Nhat Hanh feels that we need to restore clarity about why so much violence is projected outwards. Surely violence exists because internal violence hasn’t yet been taken care of.  So much injustice, suffering and discrimination exists in America. Recognizing it and allowing it to be safely expressed demonstrates that America is capable of listening to herself, giving hope to the world. The interfaith councils that already exist in most towns and cities in North America provide natural allies for this endeavour. Their religious training, meditation and communication skills are the combination needed to creatively deal with the suffering within the city, the nation and the world. Deep listening, deep looking, reflecting on the suffering, discrimination and issues within our city, nation and world and then offering wise deliberations to our leaders based on a broad concern for humanity—The intention behind the Councils of Sages is to listen deeply, look deeply and reflect on the suffering, discrimination and other issues in the world, then offer wise deliberations to our leaders based on a broad concern for humanity.. We can all take these steps to become ambassadors for peace.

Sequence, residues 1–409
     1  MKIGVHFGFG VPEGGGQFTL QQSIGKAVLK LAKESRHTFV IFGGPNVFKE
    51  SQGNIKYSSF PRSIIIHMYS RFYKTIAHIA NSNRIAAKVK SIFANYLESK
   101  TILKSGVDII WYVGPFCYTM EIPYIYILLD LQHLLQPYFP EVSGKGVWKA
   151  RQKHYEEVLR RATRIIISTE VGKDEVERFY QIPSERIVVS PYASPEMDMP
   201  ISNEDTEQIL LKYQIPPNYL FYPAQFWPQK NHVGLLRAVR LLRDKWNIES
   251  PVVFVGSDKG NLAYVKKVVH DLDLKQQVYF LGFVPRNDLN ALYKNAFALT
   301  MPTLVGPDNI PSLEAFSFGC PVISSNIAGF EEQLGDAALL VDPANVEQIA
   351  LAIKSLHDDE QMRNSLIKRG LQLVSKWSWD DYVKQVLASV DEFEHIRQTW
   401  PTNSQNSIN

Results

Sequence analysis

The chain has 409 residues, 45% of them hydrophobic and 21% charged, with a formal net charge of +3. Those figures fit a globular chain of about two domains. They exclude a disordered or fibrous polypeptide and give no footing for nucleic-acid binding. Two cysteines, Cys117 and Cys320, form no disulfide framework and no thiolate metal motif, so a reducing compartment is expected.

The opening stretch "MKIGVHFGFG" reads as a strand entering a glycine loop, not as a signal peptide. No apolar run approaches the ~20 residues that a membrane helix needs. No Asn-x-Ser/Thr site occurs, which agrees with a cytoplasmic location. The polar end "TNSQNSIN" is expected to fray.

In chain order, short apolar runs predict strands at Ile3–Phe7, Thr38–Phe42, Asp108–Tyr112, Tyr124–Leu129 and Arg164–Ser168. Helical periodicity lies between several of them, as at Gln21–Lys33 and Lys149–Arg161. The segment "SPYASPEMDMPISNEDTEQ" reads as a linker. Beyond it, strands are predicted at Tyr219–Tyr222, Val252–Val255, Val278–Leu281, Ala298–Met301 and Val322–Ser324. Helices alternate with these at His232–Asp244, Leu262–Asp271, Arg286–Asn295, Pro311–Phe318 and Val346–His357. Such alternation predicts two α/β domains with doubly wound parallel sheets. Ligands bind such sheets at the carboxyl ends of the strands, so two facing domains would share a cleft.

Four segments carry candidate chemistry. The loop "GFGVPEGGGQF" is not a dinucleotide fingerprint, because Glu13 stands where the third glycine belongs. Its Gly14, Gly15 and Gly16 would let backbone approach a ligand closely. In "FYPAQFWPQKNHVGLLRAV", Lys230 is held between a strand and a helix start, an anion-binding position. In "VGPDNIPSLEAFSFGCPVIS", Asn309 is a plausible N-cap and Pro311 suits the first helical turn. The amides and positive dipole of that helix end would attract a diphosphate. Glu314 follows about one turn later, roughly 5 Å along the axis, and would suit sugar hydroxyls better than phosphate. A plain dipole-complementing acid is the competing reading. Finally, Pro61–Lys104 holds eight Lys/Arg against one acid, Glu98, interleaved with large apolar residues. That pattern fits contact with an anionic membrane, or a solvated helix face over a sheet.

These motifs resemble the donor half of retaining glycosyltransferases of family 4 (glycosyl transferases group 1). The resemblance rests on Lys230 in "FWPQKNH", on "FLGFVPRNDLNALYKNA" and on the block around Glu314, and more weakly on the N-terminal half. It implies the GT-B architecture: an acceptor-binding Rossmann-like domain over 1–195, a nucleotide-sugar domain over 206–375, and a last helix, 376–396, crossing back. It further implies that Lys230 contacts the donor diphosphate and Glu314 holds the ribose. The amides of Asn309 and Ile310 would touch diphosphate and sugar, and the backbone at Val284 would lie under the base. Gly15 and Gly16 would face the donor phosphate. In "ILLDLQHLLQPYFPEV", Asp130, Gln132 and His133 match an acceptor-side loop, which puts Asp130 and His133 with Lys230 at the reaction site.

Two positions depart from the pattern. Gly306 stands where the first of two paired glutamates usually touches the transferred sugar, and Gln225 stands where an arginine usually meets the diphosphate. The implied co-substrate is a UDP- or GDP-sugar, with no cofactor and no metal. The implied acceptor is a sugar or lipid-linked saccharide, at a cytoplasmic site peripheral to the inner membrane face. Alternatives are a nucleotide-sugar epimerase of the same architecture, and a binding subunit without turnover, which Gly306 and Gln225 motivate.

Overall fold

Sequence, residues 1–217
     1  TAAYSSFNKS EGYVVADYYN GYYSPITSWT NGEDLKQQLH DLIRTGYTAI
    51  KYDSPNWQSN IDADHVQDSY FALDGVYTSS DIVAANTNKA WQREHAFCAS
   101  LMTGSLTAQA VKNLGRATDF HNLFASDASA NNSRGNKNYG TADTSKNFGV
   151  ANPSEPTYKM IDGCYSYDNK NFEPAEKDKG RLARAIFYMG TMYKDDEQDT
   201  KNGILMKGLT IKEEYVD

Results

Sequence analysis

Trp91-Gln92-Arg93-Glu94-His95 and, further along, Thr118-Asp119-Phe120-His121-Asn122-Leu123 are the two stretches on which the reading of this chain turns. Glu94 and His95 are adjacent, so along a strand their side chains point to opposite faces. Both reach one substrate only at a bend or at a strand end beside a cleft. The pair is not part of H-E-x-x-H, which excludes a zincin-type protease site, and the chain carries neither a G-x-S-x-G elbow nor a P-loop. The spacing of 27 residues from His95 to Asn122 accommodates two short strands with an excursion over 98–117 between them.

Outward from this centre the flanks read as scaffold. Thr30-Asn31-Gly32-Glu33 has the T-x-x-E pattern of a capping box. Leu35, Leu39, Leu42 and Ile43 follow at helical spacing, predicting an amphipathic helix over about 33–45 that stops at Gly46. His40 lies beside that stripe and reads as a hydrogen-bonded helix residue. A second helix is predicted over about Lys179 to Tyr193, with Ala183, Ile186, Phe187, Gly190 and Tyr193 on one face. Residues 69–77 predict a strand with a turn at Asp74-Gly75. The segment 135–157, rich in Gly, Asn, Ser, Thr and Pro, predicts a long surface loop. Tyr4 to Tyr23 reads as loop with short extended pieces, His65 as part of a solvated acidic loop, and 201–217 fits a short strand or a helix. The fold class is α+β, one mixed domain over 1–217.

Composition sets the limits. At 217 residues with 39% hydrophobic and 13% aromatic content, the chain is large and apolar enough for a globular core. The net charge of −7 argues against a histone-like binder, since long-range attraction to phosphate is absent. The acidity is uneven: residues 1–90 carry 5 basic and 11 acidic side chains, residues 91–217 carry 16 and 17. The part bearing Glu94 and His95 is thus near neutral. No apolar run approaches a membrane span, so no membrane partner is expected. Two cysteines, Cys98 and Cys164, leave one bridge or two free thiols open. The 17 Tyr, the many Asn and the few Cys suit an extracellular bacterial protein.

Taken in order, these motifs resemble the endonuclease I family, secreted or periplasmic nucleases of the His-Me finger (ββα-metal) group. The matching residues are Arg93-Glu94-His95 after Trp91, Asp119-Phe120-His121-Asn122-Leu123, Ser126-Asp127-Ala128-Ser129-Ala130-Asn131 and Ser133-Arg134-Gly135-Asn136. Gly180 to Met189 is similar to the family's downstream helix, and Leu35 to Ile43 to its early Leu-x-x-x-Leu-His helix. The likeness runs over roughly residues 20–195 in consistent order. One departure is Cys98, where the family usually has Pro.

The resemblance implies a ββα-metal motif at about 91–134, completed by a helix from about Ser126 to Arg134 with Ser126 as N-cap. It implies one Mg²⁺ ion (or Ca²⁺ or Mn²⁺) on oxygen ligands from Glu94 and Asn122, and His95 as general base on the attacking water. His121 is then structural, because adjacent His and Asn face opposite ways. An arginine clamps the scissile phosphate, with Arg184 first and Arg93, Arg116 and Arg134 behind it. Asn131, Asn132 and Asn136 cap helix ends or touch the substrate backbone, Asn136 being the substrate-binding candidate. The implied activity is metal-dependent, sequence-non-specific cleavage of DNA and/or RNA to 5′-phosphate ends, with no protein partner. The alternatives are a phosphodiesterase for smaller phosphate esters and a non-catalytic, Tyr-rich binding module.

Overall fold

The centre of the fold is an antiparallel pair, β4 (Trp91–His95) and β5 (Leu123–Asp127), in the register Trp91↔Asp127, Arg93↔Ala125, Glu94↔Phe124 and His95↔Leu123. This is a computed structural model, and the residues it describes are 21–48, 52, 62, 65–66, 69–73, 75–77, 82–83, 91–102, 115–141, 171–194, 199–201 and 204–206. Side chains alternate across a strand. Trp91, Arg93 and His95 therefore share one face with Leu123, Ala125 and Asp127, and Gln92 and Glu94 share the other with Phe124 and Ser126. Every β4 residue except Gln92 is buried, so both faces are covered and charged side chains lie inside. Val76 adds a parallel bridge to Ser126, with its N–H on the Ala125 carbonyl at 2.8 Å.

The emergence of Councils of Sages acknowledges that present leaders rarely have the skills to listen deeply to the suffering within the nation and the world. Friends with training and discipline in meditation are the ones to listen deeply, to look deeply and examine issues without a partisan flavour. The ability to reflect deeply and touch the core of wisdom and compassion that rests within all is the usefulness of such a council. As they listen, reflect and look deeply, Councils of Sages can present the fruits of these skills to hard-pressed politicians, bureaucrats, CEO’s and other leaders. In this way there is a basis for transforming how political decision-making is made in our nation. Throughout North America there are many people capable of listening deeply with compassion to the suffering within the nation and of assisting the political process. They’re ready made for Councils of Sages. The spiritual dimension is absolutely necessary for this kind of practice. It takes skill to listen deeply. It takes practice to walk a mile in the shoes of the “other.” It also takes great courage to use the language of compassion.